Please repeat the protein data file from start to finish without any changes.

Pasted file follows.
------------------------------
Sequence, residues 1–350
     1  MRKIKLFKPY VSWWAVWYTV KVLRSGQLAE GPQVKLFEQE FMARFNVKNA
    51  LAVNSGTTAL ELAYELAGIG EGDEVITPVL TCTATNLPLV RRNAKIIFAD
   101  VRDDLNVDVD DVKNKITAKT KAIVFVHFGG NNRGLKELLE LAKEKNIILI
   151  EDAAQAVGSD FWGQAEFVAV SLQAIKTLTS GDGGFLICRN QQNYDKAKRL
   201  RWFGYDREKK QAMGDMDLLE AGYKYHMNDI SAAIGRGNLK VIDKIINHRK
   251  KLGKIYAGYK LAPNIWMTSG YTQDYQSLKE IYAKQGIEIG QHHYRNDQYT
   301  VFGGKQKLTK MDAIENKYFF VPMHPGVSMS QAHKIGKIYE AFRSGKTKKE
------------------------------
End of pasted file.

Sequence, residues 1–350
     1  MRKIKLFKPY VSWWAVWYTV KVLRSGQLAE GPQVKLFEQE FMARFNVKNA
    51  LAVNSGTTAL ELAYELAGIG EGDEVITPVL TCTATNLPLV RRNAKIIFAD
   101  VRDDLNVDVD DVKNKITAKT KAIVFVHFGG NNRGLKELLE LAKEKNIILI
   151  EDAAQAVGSD FWGQAEFVAV SLQAIKTLTS GDGGFLICRN QQNYDKAKRL
   201  RWFGYDREKK QAMGDMDLLE AGYKYHMNDI SAAIGRGNLK VIDKIINHRK
   251  KLGKIYAGYK LAPNIWMTSG YTQDYQSLKE IYAKQGIEIG QHHYRNDQYT
   301  VFGGKQKLTK MDAIENKYFF VPMHPGVSMS QAHKIGKIYE AFRSGKTKKE